Attack on Taiwan could devastate global economy: Blinken
Taipei, Sept. 26 (CNA) United States Secretary of State Antony Blinken warned that if Taiwan is attacked, the global economy could face devastation as most semiconductors in the world are produced there.
In an interview with Scott Pelly on CBS's 60 Minutes that aired on Sunday, Blinken was asked whether instability across the Taiwan Strait would be felt around the world.
The top American diplomat said China has acted more and more aggressively against Taiwan, posing a threat to peace and stability in the entire region, while economically the whole world could feel the impact of such aggression.
Blinken talked with CBS's Pelly after meeting with his Chinese counterpart Wang Yi (王毅) on the sidelines of the United Nations General Assembly held in New York on Sept. 23.
According to Blinken, the U.S. has invested heavily in its semiconductor capacity with American firms designing the chips, but they are mainly produced in Taiwan.
"Taiwan itself, were anything to happen, it is where virtually all the semiconductors are made," Blinken said.
"If that's disrupted, the effects that that would have on the global economy could be devastating," he said.
In a pre-recorded interview with CBS' "60 Minutes" program that aired on Sept. 18, U.S. President Joe Biden told Pelley that the U.S. would defend Taiwan "if in fact there was an unprecedented attack."
It was the fourth time Biden has made such a public statement, though each time it has been followed by a clarification from administration officials who seemed to walk back his comments.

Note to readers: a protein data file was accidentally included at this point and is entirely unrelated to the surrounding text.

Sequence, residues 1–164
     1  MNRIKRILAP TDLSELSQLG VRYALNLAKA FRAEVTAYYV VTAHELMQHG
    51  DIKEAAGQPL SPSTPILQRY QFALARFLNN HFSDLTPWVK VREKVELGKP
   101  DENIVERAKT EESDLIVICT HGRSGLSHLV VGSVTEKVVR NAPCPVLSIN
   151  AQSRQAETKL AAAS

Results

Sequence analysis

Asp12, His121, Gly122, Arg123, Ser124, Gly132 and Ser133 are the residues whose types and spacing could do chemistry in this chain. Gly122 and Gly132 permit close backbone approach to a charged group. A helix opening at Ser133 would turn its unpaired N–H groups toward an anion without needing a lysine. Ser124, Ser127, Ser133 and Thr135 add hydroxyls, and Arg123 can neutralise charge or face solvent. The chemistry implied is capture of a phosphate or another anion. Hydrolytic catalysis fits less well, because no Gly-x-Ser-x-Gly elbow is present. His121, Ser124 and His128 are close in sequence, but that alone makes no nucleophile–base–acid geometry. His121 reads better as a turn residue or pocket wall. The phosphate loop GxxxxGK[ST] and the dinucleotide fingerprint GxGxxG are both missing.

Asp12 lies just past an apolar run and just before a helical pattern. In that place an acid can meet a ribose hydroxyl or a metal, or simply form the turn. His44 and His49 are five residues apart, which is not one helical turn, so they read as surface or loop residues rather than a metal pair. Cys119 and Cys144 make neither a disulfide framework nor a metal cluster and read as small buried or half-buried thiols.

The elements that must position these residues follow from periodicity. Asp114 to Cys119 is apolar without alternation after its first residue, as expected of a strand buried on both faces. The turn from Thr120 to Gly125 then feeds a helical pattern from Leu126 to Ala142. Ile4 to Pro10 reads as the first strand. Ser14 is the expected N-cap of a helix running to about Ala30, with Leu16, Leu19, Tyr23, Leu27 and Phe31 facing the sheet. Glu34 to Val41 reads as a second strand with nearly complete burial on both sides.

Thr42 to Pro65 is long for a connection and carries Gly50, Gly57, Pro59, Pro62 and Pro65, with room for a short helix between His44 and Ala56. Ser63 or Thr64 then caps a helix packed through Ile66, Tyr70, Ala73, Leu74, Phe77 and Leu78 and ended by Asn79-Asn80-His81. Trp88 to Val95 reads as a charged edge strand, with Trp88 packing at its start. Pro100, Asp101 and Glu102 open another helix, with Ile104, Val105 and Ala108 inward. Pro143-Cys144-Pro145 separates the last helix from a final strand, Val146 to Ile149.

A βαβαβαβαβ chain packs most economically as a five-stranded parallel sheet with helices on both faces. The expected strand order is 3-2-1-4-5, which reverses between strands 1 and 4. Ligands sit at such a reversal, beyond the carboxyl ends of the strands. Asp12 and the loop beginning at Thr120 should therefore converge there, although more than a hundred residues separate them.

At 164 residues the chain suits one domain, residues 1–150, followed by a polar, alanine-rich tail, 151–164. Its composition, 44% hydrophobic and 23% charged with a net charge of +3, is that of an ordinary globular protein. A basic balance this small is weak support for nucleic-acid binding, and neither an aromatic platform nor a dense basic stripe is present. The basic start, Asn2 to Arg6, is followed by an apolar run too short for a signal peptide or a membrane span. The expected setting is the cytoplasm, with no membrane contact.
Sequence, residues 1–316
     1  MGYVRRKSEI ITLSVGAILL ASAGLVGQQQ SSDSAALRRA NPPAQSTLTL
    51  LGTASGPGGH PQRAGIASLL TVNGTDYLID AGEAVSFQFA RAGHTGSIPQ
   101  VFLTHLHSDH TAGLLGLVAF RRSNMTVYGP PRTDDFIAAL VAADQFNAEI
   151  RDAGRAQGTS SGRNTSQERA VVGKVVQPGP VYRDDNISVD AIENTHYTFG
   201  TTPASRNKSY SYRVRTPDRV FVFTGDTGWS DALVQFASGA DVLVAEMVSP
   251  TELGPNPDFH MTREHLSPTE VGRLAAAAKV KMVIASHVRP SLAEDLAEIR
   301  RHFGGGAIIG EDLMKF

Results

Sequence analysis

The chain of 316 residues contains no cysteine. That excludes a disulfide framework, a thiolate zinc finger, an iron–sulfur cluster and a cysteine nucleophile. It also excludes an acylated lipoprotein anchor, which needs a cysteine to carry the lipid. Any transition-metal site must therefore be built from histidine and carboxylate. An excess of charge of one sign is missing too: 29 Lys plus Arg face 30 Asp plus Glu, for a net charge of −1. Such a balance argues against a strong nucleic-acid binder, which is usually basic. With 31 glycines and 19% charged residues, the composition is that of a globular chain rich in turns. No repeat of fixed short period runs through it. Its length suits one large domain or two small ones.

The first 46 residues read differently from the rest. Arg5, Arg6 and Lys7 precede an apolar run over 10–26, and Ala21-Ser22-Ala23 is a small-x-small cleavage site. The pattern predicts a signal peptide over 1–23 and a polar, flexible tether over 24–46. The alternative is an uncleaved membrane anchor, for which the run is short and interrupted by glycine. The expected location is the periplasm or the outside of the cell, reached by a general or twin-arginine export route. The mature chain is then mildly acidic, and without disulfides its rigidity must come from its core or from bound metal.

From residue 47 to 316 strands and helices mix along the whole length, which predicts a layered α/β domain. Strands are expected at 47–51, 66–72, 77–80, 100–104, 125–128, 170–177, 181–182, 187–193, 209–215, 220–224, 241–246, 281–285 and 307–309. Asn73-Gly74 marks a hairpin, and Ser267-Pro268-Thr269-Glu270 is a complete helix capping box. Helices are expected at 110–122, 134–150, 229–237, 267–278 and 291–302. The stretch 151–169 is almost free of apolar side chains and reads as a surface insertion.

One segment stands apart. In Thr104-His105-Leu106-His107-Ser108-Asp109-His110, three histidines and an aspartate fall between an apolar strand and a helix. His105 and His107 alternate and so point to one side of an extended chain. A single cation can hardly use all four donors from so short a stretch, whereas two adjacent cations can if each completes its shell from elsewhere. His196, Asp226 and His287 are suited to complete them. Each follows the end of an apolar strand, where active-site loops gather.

When Blinken was asked whether Wang asked him to explain Biden's remarks when they met, he told Pelly that he and his Chinese counterpart had a conversion about the two different approaches toward Taiwan.
"I reiterated what the President has said and what he's said clearly and consistently: our continued adherence to the "One China" policy; our determination that the differences be resolved peacefully," Blinken said.
"Our insistence that peace and stability be maintained in the Taiwan Straits; and our deep concern that China was taking actions to try to change that status quo. That's what the issue is," Blinken added.
Over the past few decades, the U.S. has intentionally maintained a stance characterized as "strategic ambiguity" regarding whether it would come to Taiwan's defense in the event of an attack by China.
Under this stance, Washington is deliberately vague about whether the U.S. would do more than just provide Taiwan with weapons based on the Taiwan Relations Act (TRA) and actually send troops to help Taiwan fight China.
The Act was enacted in 1979 to maintain commercial, cultural, and other unofficial relations between the U.S. and Taiwan after Washington switched diplomatic recognition from Taipei to Beijing.
The TRA also requires the U.S. "to provide Taiwan with arms of a defensive character."
New Power Party mired in internal friction after election defeat11/28/2022 09:40 PM
Former premier reportedly to fly to China for Cross-Strait CEO summit11/28/2022 08:30 PM
Local economy remains sluggish in October11/28/2022 07:25 PM
Taiwan to ease hospital visitation limitations on Dec. 10: CECC11/28/2022 07:19 PM
Ex-military officer convicted of leaking secrets to China loses pension case11/28/2022 07:01 PM